Event marks the 155th anniversary of the Battle of Franklin

10,000 luminaries will be lit on November 30 to commemorate the fallen at the Battle of Franklin – one of the bloodiest battles of the American Civil War. {Photo Courtesy of Carton}

EVENTS | Franklin — It was the battle that led to the end of the American Civil War. Over 10,000 men – both Confederate and Union – fell in a bloody battle that was larger, longer, and deadlier than Pickett’s Charge at Gettysburg. Fought on November 30, 1864, the battle nearly ended the Army of Tennessee and left six Confederate generals dead on the battlefield. Just four months later, Confederate General Robert E. Lee would surrender to Union General Ulysses S. Grant at the Appomattox Courthouse in Virginia.

On Saturday, November 30, the Carnton History Museum and the Battle of Franklin Trust will host events to commemorate that historic day.

Two early morning battlefield tours will be led by Eric A. Jacobson and Olivia Munsch. The 5 a.m. tour will be a general battlefield tour while the 8 a.m. tour will focus on leadership from both Confederate and Union generals during the battle.

Both Carton and Carter House will be open that day for guided tours from 9 a.m. to 4 p.m. Select living history re-enactors will be present including Dennis Boggs as Abraham Lincoln and Dr. Naima Johnson-Bush performing Negro spirituals.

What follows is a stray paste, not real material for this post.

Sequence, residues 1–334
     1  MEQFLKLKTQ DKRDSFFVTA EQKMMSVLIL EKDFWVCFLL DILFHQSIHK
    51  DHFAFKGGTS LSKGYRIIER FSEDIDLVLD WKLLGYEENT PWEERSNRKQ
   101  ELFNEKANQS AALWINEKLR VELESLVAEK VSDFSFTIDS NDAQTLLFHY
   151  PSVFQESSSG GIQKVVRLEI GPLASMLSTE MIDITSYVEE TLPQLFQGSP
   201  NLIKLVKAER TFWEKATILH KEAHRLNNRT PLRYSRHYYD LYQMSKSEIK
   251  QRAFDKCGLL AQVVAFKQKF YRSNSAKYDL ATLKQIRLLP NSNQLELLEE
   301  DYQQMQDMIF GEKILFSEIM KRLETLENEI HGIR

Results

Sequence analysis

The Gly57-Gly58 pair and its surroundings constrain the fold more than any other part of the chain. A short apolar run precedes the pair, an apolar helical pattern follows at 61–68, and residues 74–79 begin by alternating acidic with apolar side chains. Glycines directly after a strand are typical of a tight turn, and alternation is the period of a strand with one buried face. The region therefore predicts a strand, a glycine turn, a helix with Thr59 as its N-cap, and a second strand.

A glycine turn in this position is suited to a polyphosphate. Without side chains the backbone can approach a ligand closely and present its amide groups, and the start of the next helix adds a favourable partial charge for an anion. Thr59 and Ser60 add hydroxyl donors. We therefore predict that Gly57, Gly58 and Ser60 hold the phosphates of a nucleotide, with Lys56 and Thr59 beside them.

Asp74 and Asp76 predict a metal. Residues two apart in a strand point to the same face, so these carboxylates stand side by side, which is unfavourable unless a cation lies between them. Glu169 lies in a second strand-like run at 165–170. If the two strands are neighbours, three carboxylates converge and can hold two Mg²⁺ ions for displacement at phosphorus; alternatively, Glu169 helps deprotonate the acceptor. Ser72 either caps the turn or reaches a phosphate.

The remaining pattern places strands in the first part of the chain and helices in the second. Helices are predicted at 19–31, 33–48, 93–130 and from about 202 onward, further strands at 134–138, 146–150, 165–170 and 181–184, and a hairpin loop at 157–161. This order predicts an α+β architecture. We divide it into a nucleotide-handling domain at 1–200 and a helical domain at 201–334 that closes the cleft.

At dusk, organizers will light 10,000 luminaries – one for each fallen Confederate or Union soldier who died at the Battle of Franklin.

For more information about the event, visit their FB event page by clicking here. For more information about the Battle of Franklin, visit the American Battlefield Trust website. •

{The Lynchburg Times is an independently owned and operated newspaper that publishes new stories every morning. Covering Metro Moore County government, Jack Daniel’s Distillery, Nearest Green Distillery, Tims Ford State Park, Motlow State Community College, Moore County High School, Moore County Middle School, Lynchburg Elementary, Raider Sports, plus regional and state news.}

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